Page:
Floor-to-ceiling cabinets run along the walls of a conference room at AJS Tap Handles in Random Lake, and packed behind the glass cabinet doors are at least 1,500 different tap handles, all pieces of art.
The handles – in all sorts of shapes such as dragons, kings, palm trees or guitars – are handcrafted and customized for breweries of all sizes.
There are the herons made out of urethane for Central Waters Brewing Company in Amherst, all hand painted by the eight to 10 local artists AJS partners with.
Or the more simply shaped handle that doesn’t distract from the eye-catching artwork for Second Salem Brewing Company in Whitewater.
And the classic Leinenkugel’s Oktoberfest canoe that makes you want to yell, “Prost!” and wear your best German attire.
The list goes on, and each is stunning.
Even the ones people may say are more simple, like the handles for MobCraft Beer in Milwaukee, catch your eye – and that’s the point, says Bob Zirngible, sales director of AJS Tap Handles.
“It’s very important,” Zirngible said. “I think it’s the first thing that a customer sees when they come into a bar. And if they’re looking for something different, a tap handle can create that first beer for them because if they see something they like, yeah, they’ll naturally go for it.”
When people think of Wisconsin, one of the first things that comes to mind is the state’s rich brewing history.
But one thing people may not think of when it comes to beer, is the tap handle – the colorful sometimes ornate handle bartenders push or pull to pour that delicious beer.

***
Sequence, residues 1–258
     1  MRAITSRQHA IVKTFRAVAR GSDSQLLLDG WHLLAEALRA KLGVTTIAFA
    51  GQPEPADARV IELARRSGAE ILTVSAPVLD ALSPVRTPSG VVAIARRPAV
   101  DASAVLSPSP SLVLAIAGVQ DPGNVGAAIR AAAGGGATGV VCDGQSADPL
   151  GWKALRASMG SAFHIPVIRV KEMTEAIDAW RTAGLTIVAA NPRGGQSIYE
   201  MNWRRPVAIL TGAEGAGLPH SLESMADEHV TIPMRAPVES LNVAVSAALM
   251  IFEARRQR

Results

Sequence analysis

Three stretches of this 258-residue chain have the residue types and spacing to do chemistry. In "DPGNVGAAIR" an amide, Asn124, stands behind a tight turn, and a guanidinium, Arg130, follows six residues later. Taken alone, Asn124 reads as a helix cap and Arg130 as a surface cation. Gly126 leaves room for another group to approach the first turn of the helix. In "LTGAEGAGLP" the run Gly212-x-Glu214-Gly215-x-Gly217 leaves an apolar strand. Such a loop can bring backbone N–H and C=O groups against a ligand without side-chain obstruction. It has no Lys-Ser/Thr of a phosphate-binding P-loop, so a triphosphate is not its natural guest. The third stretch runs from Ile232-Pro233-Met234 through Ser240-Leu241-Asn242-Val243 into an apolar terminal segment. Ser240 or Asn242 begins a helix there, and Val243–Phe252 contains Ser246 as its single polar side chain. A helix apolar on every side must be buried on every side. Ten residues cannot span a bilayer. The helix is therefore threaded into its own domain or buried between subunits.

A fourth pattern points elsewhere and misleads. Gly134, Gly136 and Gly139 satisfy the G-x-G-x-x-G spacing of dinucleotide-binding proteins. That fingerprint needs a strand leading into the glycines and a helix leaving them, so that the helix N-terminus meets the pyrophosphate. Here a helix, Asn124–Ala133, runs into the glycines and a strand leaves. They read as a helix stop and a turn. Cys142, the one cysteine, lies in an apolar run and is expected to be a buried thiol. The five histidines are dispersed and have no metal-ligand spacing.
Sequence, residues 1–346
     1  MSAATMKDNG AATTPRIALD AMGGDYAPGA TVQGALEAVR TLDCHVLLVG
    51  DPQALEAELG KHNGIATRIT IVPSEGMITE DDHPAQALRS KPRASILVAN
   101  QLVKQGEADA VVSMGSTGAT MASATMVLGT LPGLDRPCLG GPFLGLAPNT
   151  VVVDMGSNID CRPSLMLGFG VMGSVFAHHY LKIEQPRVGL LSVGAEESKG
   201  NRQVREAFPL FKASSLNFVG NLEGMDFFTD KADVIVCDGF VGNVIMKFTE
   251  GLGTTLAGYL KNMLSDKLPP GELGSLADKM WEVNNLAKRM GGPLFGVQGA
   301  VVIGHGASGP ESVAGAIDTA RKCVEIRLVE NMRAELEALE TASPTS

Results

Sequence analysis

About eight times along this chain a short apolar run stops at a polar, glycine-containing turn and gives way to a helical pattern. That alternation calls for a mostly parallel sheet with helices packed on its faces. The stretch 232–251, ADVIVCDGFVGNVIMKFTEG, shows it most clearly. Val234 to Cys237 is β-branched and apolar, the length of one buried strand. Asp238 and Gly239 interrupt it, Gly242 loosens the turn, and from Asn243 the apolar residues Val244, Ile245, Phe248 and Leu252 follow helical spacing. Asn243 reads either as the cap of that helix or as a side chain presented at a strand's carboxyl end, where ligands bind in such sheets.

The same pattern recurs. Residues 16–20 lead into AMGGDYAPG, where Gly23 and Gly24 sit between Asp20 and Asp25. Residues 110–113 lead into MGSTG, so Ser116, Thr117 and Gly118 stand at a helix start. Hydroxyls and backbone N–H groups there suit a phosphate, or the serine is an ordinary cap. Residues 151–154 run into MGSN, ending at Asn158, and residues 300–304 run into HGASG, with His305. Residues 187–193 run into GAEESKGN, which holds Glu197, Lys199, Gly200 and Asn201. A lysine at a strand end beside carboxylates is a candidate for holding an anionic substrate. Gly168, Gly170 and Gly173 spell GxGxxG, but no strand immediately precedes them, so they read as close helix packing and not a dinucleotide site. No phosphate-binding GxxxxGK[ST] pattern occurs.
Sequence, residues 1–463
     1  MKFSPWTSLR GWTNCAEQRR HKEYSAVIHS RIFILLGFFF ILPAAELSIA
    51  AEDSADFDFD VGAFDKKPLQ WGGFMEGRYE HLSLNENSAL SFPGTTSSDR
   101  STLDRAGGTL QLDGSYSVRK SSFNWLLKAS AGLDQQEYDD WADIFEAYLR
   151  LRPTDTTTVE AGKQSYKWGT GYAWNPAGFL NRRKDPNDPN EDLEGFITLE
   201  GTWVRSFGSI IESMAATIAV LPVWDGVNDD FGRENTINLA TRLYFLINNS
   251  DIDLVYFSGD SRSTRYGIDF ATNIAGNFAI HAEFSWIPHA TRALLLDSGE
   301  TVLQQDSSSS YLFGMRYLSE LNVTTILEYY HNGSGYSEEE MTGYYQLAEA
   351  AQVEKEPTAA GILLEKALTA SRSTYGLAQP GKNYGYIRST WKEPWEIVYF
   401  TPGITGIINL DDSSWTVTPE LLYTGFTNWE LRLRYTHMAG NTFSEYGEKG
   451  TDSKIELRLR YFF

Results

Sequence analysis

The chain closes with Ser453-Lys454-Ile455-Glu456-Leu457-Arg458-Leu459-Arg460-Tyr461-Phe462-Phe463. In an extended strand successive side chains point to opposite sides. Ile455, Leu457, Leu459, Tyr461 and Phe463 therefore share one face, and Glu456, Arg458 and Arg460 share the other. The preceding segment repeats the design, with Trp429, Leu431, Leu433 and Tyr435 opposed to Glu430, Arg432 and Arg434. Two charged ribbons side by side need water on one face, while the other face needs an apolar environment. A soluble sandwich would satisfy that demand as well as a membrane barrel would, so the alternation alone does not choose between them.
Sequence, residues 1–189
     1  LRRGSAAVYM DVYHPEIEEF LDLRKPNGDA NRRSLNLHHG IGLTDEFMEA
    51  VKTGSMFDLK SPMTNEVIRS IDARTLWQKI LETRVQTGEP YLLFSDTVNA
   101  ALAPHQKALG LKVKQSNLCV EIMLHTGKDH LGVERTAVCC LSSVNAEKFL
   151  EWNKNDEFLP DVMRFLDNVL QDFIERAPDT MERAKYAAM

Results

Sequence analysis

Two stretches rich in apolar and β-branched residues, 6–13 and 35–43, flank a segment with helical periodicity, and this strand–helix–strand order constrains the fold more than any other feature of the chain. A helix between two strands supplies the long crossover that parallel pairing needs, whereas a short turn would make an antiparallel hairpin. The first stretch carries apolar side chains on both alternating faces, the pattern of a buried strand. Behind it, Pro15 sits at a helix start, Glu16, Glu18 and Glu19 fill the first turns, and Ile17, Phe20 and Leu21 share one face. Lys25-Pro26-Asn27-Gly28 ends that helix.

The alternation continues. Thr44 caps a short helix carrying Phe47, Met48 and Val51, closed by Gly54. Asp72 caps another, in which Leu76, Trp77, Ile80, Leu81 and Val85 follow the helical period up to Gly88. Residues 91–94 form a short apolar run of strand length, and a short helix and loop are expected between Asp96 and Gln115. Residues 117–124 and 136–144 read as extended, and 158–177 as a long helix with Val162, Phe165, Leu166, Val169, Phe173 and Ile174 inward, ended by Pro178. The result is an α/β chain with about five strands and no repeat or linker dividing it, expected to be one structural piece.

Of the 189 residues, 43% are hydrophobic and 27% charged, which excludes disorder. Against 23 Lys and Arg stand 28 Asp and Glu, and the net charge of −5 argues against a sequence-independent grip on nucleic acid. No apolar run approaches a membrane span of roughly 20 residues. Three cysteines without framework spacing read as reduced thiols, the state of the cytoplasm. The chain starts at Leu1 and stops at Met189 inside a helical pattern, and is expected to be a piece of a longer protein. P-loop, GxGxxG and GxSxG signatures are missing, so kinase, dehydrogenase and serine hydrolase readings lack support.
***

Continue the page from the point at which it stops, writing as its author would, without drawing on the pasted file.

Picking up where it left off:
The business in Random Lake, wedged between Milwaukee and Sheboygan, has been open for 32 years, and it bills itself as the top producer of tap handles in the United States.
“Our mission, our goal is to make the best tap handles for everyone in the brewing industry, whether it’s tap handles made of wood, which we make 100 percent here, or urethane, or metal,” Zirngible said. “We work with a lot of breweries throughout the entire country, and actually world-wide, creating the best tap handles, no matter what materials they’re out of.”
The company prides itself on working closely with breweries of all sizes, such as massive beer companies like MillerCoors and Budweiser, or smaller breweries like 3 Sheeps down the road in Sheboygan, Capital Brewing in Middleton, or Lagunitas all the way across the country in California.
“As the craft brewing industry started to take hold almost 10 to 15 years ago, we were there side-by-side and continued to grow with those brands and also continued to do business with the major players, like Miller our next-door neighbor actually, Budweiser, some of the larger brands that we did a lot of handles for,” Zirngible said. “But as the brewing industry continued, we didn’t forget about the small craft brewers. And actually, that’s where a lot more of the fun is involved because they’re more creative.”
The process all begins with a visit or long conversation with the client about what the vision for the handle is and what they want it to represent.
For some larger breweries, the handles aren’t as important as they are for smaller breweries or mid-size breweries where “that handle means everything: that’s their name; that’s their face; that’s their identity,” Zirngible said.